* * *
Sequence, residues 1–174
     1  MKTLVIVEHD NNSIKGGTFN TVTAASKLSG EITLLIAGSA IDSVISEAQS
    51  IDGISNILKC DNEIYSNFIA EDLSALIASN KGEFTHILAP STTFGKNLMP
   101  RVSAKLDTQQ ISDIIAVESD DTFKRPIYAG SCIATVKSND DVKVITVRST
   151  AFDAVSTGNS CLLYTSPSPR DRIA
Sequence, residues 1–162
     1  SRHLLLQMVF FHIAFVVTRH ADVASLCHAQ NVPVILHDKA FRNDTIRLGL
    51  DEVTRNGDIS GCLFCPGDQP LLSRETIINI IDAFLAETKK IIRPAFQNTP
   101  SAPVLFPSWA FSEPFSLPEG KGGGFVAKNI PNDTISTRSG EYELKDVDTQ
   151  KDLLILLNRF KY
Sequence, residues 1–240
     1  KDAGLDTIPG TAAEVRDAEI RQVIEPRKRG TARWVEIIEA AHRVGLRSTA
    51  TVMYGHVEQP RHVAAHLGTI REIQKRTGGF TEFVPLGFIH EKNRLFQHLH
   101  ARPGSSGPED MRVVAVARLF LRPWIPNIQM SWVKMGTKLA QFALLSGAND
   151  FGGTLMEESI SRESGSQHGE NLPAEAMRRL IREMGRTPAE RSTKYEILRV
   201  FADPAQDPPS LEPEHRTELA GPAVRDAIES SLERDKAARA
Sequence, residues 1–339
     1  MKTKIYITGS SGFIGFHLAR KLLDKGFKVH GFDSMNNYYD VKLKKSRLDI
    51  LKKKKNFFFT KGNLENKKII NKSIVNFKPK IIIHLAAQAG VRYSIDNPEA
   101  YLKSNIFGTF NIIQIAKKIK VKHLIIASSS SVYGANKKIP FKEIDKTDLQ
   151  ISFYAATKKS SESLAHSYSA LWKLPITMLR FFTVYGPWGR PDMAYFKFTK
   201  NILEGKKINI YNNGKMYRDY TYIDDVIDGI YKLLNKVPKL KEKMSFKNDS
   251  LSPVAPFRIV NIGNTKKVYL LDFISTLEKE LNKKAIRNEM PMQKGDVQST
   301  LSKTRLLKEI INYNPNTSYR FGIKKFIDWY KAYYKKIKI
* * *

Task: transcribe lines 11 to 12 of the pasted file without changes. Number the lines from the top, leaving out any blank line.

Sequence, residues 1–240
     1  KDAGLDTIPG TAAEVRDAEI RQVIEPRKRG TARWVEIIEA AHRVGLRSTA